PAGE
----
I'm not a Goodlifer, I'm a blowdian. Back when y'all started, i was a young kid in the islands of the Bahamas trying to be an emcee when everyone was a reggae DJ (Let Jah Orah remind you: the DJ's are the ones ON the mic in Dancehall music). I couldn't deal with that. I was an American-Born transplant in the Bahamas, but it was '93 when I caught "Boundaries" on a humungous bootleg satelite that every Bahamian used as an antenna. Back then, we had to go to Bucks record and order underground music because they only stocked SOME rap and the rest was reggae, dancehall, and what we call "rake and scrape". I never got my Freestyle Fellowship album back then, but I never forgot the song. I was able to get my hands on east coast "underground" stuff like De La over at Cody's, and oddly enough, we could get The Coup. After watching this movie, I see why I couldn't get Freestyle Fellowship's album. It grew by word of mouth, and never really was given the chance to take off.
In College is when I first heard the name Aceyalone. My homegirl Heather from spelman used to always talk about this strange L.A. dude. In Atlanta, Cali dudes were considered strange. We're talking 94-98, so it was all Wu, Death Row and Bad Boy. That was all anyone heard of. Real hip hop heads listened to underground stuff, but somehow this prim girl from Detroit knew about Aceyalone. I had seen the name, but I was sure she was pronouncing it wrong. She wasn't.
College (Morehouse) ended, and I went to grad school at SC and couldn't find conscious black proponents of Hip Hop Culture anywhere. Whereas in Atlanta, it was everywhere (because I was a student at the AUC, a collective of 6 black institutions of higher learning), so when I moved to L.A. to go to 'SC, I couldn't find a thing. First off, no car. Second off, I made the mistake and went to clubs. Too many bouncers, too many snobs, too many velvet ropes, not enough money. I'm a B-Boy FIRST, and on my 22nd birthday, someone actually took me to Soul Train to find a place to cypher with dancers. Footklan, Darryl, Shine, Affion Crocket, etc. etc. Later, another law student hipped me to project blowed. I didn't go. No Car. Eventually, got a car, saw a news story about some spot called Project Blowed with big flossy talkin' a lot of junk. I went. Considered myself somewhat of a wordsmith, thought I'd check it out. Got high for the first time, never made it actually into the building. Fast forward 3 hours, I was in some random person's driveway in my car with 3 tires. Next week, re-upped. Came back. Saw the pass the mic steez. This dude showed up and out of nowhere was controlling the crowd. Said his name was Chu. He was the host. Seemed bipolar, because he was the nicest guy and very cordial UNLESS...you didn't get off the stage fast enough. Then he'd put a foot in your back. This other host J-smoov taught us to project our voices. He would actually rap louder than the emcee without a microphone and embarass you. That was back when we were still a workshop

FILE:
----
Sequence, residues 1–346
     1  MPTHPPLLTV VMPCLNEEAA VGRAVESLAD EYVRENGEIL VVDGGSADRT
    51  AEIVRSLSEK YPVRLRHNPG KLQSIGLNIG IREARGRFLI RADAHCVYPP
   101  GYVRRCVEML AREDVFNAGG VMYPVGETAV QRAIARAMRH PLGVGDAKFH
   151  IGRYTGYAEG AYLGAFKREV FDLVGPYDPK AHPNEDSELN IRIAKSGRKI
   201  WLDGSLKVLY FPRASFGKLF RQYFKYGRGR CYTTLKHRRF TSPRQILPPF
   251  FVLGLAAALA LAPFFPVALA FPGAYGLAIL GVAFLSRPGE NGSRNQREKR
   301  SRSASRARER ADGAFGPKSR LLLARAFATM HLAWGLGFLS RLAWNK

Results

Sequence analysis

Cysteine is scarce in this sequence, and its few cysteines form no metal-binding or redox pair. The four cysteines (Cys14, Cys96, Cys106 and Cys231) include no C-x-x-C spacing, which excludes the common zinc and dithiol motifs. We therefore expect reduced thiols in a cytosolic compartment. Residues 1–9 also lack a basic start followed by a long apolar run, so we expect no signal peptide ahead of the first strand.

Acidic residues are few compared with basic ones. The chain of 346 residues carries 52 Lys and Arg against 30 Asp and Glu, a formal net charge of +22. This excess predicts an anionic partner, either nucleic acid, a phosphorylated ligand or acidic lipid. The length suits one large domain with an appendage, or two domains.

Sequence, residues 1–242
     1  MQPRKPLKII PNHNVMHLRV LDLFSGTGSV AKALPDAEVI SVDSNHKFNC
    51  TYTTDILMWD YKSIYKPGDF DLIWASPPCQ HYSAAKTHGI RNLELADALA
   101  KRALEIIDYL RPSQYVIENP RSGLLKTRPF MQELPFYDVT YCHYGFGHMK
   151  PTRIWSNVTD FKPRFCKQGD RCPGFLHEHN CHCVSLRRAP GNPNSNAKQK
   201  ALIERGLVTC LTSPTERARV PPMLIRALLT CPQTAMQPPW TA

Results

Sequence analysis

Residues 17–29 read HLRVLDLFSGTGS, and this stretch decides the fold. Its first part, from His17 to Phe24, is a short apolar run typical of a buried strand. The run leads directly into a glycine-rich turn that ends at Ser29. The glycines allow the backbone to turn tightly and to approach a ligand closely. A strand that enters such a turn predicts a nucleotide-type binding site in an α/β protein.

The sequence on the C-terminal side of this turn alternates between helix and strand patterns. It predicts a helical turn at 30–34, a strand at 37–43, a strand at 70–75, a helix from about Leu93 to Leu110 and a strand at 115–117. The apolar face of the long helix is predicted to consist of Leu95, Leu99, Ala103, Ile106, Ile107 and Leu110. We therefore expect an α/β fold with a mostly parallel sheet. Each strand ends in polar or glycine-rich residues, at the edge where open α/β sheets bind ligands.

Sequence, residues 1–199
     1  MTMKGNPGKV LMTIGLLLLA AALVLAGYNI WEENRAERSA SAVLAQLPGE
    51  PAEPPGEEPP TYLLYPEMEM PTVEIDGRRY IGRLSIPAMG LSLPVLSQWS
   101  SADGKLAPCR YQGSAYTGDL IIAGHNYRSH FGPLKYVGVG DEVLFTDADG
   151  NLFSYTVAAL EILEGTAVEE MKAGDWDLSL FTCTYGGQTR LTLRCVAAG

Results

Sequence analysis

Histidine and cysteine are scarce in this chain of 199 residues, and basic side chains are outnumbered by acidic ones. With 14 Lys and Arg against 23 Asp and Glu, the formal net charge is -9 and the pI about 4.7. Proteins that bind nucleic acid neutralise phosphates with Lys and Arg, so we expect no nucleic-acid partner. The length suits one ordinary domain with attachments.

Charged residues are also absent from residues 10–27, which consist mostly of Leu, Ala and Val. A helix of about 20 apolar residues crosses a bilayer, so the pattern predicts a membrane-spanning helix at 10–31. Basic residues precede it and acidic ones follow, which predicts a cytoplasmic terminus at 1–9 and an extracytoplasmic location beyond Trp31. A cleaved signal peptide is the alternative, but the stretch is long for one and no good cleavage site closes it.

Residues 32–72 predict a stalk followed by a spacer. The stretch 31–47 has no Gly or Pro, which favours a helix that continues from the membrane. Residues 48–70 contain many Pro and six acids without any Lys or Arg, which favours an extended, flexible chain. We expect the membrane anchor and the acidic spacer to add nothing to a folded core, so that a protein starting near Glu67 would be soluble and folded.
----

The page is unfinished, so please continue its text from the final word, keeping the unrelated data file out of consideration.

. 1999. I was a law student, but a tad rebellious. Adidas tracksuits and an anfro and shelltoes trying to find his home. Project Blowed became my home.
Now, from 1999 t0 2005, no one passed the mic on me. in 05, I stopped getting on the stage because honestly, that magic sorta left. It became about the parking lot. Some weeks, I wouldn't even go inside. I played more of the roll of a wallflower just observing. Being still. I have so many stories about the more recent years of project blowed. Also, I have a background in Sociology, which means that me and that cat Joo Young Lee (the asian dude who be dancing and was one of the first to youtube battle videos from the blowed) were a perfect fit. He's a PhD candidate in sociology. Many of y'all have talked to him over the years for his research, and just watching him as somewhat of an outsider observe what to me was a natural home gave me a unique perspective on what it was we were really doing, like: what is this phenomenon from an academic standpoint?
The Blowed found me, because I was dying. Most of y'all haven't the slightest idea.